Posted by International TEFL Academy Costa Rica on 10/04/2018

How to create good worksheets to use in the ESL classroom?

How to create good worksheets to use in the ESL classroom?

We've given tips on scaffolding your activities and offered a variety of suggestions on good practice activities, and now we'd like to share some tips on creating effective worksheets in your ESL classroom.

Once you decide the objective of your lesson, you need to create materials that help your students achieve that goal.  Each worksheet should have a specific aim, so take your time to decide what you want the students to accomplish by completing the sheet.  Then follow these five tips!

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1-Clear Instructions

Believe it or not, many new teachers forget to even write instructions on their worksheets, but this step cannot be skipped.  It's important that all of our worksheets have clear, simple instructions.  Students should know exactly what we want them to do.

                Complete the sentence with "am," "is," or "are."

                Create a question by putting the words in the correct order.

                Write the past participle of the indicated verb.

While executing the lesson, make sure to have a student read the instructions aloud to the class and do an example together before asking the students to work.  This will ensure everyone understands the expectations of the activity.


2-Minimize confusion

To help students understand what the objective of the activity is, add lines where necessary and take the time to label any necessary information.  It doesn't take much time to make sure the lines, where the students are to write an answer, are in the correct place.  Look at the two examples from a worksheet with the instructions:  Write the correct question.

            Bob:  I am from Canada.

            Tim:  ________________________?

OR

            Bob:  ________________________?

            Tim:  I am from Canada.  

I'm assuming the teacher wants the students to write "Where are you from?"  In that case, the natural progression of the conversation would be with the question first, then the answer.  If I looked at the first example and thought of the natural progression of real conversation, I would assume the teacher wants the student to write a follow-up question based on this information.  Perhaps something like, "What part of Canada are you from?"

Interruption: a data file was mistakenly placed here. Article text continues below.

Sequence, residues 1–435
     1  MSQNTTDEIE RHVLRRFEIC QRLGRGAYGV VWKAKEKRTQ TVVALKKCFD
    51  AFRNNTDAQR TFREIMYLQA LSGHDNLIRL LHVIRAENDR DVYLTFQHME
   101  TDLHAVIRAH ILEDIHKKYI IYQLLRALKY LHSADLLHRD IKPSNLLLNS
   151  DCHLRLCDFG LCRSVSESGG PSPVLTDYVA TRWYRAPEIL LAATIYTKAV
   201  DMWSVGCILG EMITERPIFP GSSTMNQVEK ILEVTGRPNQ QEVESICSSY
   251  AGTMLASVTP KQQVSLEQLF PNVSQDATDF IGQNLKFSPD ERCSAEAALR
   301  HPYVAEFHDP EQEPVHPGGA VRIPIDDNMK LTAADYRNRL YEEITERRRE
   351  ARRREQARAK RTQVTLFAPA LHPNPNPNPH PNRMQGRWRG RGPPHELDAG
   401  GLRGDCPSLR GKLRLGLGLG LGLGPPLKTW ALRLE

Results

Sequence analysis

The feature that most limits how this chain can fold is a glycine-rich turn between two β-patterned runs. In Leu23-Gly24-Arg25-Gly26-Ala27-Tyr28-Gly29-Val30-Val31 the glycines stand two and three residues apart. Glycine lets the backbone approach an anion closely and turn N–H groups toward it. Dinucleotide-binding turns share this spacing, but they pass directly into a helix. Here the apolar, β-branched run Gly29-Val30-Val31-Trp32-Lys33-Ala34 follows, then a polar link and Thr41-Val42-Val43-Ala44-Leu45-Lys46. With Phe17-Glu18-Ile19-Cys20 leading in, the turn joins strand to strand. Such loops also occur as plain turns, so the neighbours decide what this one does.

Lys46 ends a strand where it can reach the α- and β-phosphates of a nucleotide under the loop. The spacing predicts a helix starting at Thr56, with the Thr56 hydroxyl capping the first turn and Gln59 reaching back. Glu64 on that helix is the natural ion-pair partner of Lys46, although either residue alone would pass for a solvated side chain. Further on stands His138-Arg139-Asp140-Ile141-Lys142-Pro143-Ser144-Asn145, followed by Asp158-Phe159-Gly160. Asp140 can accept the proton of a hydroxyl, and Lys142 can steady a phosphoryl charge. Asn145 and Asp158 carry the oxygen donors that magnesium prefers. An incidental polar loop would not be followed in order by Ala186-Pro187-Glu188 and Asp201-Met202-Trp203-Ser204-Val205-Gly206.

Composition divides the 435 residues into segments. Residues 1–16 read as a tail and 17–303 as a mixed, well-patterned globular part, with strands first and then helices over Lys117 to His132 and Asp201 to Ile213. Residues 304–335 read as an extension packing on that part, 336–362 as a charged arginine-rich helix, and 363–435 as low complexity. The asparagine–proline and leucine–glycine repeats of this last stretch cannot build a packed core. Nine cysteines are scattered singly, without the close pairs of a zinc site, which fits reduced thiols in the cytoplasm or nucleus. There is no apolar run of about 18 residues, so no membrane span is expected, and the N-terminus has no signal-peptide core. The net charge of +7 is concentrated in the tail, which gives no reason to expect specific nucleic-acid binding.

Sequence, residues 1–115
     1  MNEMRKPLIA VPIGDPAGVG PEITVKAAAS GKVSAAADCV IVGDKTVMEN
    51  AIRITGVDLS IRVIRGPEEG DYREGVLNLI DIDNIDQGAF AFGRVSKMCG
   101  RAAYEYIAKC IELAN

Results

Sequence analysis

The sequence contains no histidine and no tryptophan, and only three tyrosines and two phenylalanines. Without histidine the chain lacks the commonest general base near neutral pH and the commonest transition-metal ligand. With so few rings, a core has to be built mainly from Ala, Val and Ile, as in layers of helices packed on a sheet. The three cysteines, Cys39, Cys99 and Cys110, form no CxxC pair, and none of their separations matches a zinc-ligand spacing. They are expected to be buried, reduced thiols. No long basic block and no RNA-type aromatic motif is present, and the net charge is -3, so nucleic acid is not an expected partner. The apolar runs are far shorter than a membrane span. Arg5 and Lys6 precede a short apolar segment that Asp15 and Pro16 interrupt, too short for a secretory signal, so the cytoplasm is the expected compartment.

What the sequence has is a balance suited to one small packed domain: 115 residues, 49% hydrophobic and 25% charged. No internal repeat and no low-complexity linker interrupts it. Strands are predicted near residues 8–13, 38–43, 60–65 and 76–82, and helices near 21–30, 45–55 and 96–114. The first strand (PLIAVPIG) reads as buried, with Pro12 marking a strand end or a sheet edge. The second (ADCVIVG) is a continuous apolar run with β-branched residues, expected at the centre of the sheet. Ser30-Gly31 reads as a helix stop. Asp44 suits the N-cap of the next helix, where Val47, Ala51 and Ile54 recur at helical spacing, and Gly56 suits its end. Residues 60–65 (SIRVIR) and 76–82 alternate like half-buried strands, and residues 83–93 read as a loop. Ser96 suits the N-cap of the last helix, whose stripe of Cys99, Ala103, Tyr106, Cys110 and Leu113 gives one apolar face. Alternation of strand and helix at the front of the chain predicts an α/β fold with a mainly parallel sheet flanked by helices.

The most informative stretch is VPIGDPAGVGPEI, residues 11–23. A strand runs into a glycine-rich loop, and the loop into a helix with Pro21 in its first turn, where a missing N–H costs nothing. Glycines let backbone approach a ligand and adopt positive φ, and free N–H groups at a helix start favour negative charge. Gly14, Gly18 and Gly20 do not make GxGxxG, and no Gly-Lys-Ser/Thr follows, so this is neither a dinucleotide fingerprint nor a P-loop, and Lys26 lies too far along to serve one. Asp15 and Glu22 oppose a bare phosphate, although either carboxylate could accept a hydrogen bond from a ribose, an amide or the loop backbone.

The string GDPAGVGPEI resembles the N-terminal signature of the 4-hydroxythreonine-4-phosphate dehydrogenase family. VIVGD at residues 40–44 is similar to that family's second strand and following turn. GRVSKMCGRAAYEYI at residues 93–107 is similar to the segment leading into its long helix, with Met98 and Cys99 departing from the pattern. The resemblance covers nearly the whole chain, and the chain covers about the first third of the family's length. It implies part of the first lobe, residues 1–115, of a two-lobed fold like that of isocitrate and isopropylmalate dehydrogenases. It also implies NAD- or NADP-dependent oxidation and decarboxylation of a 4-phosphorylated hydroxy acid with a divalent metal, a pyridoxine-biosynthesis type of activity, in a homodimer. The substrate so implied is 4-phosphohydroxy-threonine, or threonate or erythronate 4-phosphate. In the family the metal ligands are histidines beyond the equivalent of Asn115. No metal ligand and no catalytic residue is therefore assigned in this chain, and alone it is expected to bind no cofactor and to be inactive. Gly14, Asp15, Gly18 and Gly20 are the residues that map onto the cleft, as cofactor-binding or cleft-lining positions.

In the same accord, teachers should label everything on the worksheet that the students need in order to successfully complete the activity.  For instance, if my lesson is on prepositions of location, and I want to use a picture with many animals in one of my practice activities.  I should take the time to label the animals for groups of students that might not know the names of the animals.  If my students are asking, "Teacher, what's a pig? What's a monkey?  What's a..., " the point of the activity is being missed. 

            The elephant is ( above / below ) the whale.


3-Number the questions

Another way to minimize confusion and increase understanding and class participation is by numbering all of your questions.  The teacher should easily be able to say, "Paula, read number one." This avoids having to say things like, "No, not that one.  The next one." Students at the beginning levels won't understand words like "next" or ordinal numbers like "second."  This also helps if you are teaching in a large room or with a big group of students as you won't have to point at everything.  Likewise, if you are asking the students to match words to pictures, add letters to the pictures so you can check the answers with ease. "Fran, read number 1!"  "Short is B!"

____1.  short

____2.  tall     

A.


B.

4-Add images

Not only do images help engage and interest our students, they often aid in increasing understanding of the activity and even the vocabulary being used in the questions.  I can add photos of celebrities  or characters related to the topic at hand to grab the students' attention, and I should add necessary images to appeal to the different types of learners in my classes.   For instance, if I am teaching a lesson on demonstrative adjectives and working on a practice worksheet, I can add a picture like the following to help the students grasp the concept better. 

Correct the errors.


                Elizabeth:  This books are for my English class.

                Mouse:  Those calculator is blue.


5-Save as a PDF

Finally, if sending to another person or printing from a different computer, save your document as a PDF.  You've spent your time making sure the worksheet is exactly as you want it, so this will ensure the formatting does not change.  However, don't forget to also save a copy as a document that can be edited, in case you decide to change or add something in the future!

Want more tips on planning effective lessons to meet your ESL students' needs and creating a student-centered classroom?  Talk to us today to save your spot in one of our 4-week TEFL courses in Costa Rica!

How Do I Plan Lessons for my English Students?


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